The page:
Letter of the Day| Bullying has long-term effects on our children
THE EDITOR, Sir:
Childhood and adolescence can be some of the toughest years of an individual's life. For some children, countless hours are spent at school under the supervision of administrators entrusted with the task of protecting them. However, there are alarming statistics to show that protected environments such as our schools may prove to be a dangerous and toxic environment for the psychological development of our youth. From playground cruelty to online rumours, we're hearing more about bullying than ever, but are we making an effort to help our children and adolescents cope?
Experts agree that generally, behaviour that is considered to be bullying, involves four key elements. These are: aggression or hostility, repetition of the negative behaviour, intent to harm as well as a power imbalance between the parties. Due to factors such as age, gender or size, a bully may have a perceived authority over another. In the case of your child, this imbalance of power refers to acts of aggression that substantially interfere with his academic performance or ability to participate in school related activities.
THE VICTIMS OF BULLYING
Individuals that choose to bully are not typically born with the characteristic. It is a result from the treatment they received from authority figures such as parents. Bullies are often from families that use physical forms of discipline. This conditions the child into a strategy of "bully or be bullied". The effects of bullying are such that your child having passed through G-SAT as a star may experience a drop in his/her academic performance as well as a shift in behaviour as a result of through truancy and a desire to "fit in" with the bully.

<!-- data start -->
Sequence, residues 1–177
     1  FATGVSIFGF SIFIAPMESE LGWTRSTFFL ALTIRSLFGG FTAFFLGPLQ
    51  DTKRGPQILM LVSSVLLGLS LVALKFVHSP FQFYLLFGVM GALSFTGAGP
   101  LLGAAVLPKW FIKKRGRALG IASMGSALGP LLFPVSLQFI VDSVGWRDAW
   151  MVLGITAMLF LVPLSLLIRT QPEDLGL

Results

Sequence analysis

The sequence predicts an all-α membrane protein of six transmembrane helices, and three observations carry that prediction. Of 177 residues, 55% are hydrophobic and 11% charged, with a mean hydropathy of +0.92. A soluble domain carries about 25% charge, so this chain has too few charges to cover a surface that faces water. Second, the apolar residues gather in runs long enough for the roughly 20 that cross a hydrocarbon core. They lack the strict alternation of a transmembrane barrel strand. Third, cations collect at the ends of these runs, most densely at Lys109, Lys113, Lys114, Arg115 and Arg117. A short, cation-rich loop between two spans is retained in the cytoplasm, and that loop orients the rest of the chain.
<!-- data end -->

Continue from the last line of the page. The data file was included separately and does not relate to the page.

Jamaica has earned itself a long history of struggle with violence which sadly, our children have not been immune to experiencing either as a victim or a perpetrator. The Child Development Agency (CDA) unearthed some worrying information on the status of bullying in Jamaican schools. The study concluded that 70% of the 1,876 students surveyed said they were bullied over the 2013- 2014 school year. Regarding the types of bullying these children were experiencing, 57.6% said they being teased or called names; 31.5% cited being hit, kicked or shoved; 28.6% said they have had lies told on them and 13.7% reported to have been ignored or excluded.
TEACHERS AS BYSTANDERS
It is difficult to effectively combat widespread bullying in our schools as it tends to be a covert activity; both bullies and victims are usually reluctant to disclose to adults that it is taking place. There is no single descriptive profile to help schools to identify those students who are at risk for being targeted by bullies. However, one key indicator is the presence (or absence) of friends in a child's life.
And we haven't even begun to talk about bullying in unstructured settings where there are very few supervising adults in those settings where bullying is more likely to occur, or those supervising adults may simply be unequipped to intervene early and assertively whenever they've witnessed questionable behaviour between children.
Human rights activist